In two conversations I had with CFIA veterinarians regarding this shipment, at no time did they tell me that veterinarians/inspectors at slaughterhouses worked any shift other than the standard day shift. According to a 2011 article in Better Farming, “slaughter-bound shipments will be accepted only during the CFIA’s regular hours of operation…” So miraculously perhaps, an inspector was either working a Saturday as part of his/her normal job requirements (the day the horses were unloaded) or was called in especially to break the seal. If the drivers make this trip twice a week (a statement made to Rob Boisvert when he quizzed them in Marysville) then it’s reasonable to assume that the horses are left overnight, packed together in stupefyingly hot July and August weather with no access to water, if the same driving schedule is followed.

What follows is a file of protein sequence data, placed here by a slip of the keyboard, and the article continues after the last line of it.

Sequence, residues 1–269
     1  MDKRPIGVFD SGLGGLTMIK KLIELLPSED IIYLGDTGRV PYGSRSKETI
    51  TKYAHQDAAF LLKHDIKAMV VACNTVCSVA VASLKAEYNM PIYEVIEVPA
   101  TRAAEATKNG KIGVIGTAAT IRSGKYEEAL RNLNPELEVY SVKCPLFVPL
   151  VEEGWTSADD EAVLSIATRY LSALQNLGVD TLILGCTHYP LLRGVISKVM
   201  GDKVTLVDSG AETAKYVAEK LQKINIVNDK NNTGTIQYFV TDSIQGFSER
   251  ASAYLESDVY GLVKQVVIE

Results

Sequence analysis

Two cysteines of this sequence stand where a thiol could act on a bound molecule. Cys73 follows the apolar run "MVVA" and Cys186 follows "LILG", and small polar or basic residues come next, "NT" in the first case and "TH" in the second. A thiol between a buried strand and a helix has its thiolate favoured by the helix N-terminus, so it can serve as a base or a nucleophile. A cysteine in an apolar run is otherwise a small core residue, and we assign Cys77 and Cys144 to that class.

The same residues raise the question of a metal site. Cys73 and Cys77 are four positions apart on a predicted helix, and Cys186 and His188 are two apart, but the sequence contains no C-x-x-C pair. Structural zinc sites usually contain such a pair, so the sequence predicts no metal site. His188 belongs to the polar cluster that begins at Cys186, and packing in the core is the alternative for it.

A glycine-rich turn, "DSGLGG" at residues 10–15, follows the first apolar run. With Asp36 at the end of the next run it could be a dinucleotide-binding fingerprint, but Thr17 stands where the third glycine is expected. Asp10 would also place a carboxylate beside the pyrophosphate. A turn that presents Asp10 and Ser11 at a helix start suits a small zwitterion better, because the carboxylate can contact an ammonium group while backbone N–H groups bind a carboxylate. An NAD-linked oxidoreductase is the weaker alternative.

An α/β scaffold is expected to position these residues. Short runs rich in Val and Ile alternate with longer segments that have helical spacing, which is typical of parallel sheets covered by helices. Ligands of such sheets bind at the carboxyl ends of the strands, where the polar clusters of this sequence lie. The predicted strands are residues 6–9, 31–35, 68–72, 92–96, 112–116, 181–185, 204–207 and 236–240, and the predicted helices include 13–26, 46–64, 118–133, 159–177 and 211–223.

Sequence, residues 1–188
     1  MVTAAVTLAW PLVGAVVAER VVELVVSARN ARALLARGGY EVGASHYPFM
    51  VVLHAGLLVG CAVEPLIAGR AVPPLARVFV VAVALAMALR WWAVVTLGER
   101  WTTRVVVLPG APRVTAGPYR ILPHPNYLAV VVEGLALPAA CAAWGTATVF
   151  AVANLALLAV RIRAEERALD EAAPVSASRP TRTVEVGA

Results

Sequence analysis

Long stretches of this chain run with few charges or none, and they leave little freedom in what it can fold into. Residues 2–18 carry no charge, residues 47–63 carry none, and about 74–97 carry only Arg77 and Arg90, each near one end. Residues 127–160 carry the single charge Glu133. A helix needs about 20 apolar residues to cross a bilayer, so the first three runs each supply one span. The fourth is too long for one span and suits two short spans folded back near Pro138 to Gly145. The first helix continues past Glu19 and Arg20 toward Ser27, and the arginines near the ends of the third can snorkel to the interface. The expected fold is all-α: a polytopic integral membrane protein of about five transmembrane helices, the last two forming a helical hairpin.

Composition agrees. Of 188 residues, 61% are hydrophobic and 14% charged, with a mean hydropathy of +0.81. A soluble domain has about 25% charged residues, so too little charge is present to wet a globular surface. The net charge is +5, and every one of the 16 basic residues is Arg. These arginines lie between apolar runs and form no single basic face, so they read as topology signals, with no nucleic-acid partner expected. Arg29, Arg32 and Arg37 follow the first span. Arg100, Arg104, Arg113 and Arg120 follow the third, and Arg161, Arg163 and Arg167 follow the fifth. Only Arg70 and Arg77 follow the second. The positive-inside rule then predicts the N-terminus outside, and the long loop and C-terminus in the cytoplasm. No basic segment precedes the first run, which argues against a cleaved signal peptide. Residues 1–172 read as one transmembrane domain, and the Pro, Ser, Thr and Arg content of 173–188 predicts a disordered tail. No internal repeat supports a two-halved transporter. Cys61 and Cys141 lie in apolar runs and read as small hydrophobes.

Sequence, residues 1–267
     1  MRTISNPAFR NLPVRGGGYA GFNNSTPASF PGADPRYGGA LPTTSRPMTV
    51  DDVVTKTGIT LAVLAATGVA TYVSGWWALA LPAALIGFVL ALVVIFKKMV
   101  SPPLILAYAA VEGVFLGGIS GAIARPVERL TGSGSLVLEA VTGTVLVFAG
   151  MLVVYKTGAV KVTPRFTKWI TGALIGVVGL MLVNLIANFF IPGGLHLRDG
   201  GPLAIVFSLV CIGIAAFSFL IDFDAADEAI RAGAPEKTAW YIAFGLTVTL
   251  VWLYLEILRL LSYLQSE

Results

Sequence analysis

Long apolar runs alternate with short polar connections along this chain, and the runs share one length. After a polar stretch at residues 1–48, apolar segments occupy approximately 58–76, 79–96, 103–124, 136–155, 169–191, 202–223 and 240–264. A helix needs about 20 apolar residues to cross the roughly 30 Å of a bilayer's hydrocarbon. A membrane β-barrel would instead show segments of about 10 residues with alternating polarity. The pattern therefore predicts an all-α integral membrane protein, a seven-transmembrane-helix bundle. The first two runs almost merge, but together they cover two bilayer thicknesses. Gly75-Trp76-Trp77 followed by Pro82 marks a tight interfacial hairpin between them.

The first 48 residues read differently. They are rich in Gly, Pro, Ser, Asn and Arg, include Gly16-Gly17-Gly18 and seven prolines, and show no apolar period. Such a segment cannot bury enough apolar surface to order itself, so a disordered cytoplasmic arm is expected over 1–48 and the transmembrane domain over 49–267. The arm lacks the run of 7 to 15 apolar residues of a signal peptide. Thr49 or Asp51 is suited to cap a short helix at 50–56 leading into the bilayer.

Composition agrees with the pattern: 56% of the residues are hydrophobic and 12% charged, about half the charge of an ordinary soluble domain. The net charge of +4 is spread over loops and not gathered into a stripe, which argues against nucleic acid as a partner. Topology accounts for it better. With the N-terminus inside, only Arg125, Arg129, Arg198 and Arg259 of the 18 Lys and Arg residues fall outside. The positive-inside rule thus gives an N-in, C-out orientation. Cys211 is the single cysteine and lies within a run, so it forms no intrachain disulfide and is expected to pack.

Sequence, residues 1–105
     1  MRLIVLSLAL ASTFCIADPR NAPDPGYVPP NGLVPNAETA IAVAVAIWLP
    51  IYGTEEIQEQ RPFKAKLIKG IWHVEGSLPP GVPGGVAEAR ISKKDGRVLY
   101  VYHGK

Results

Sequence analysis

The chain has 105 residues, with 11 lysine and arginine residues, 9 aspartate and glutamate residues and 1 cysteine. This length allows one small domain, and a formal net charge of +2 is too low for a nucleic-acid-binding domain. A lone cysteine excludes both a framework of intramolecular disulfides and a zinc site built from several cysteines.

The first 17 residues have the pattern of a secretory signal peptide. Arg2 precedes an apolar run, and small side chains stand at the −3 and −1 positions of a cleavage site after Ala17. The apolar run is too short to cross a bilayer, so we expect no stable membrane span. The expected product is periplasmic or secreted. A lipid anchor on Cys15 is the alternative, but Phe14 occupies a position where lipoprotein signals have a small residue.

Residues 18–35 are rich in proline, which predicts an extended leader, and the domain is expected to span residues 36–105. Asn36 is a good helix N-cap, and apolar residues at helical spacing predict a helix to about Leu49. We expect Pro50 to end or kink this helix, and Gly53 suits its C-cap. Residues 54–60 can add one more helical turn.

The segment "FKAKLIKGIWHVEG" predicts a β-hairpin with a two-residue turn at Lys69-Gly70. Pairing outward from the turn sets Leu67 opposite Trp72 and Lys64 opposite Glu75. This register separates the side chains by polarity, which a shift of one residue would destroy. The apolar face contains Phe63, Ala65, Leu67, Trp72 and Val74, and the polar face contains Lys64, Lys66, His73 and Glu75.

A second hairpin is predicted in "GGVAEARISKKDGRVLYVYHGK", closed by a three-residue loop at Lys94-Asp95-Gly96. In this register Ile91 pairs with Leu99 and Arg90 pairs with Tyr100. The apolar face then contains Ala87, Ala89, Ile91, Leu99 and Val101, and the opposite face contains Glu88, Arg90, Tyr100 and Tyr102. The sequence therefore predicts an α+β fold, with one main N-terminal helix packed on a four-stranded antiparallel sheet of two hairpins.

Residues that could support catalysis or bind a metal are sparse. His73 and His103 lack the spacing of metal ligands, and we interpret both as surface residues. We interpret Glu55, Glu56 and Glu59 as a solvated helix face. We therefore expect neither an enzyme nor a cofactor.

Every attempt was made to determine the ID of the horses on these shipments. A few are questionable with more than one possibility due to the illegibility of the writing. Judging by their ages, most of these STB mares could have been older broodmares whose services were no longer required. The remaining 50 horses all had names at one time; to us they are unknown and untraceable, but not to be forgotten.
T4738 – STB Mare – “Gettinjiggywithit”
5B159 – STB Gelding – “Snilloc Three”
2B448 – STB Mare – “Spring Hill Mini”
8A452? – STB Mare – “BC Firepan”
6G525 – STB Mare – “Fast Bunny”
The 9 Ethical Principles of the True Horseman
- Anyone involved with a horse takes over responsibility for the living creature entrusted to him.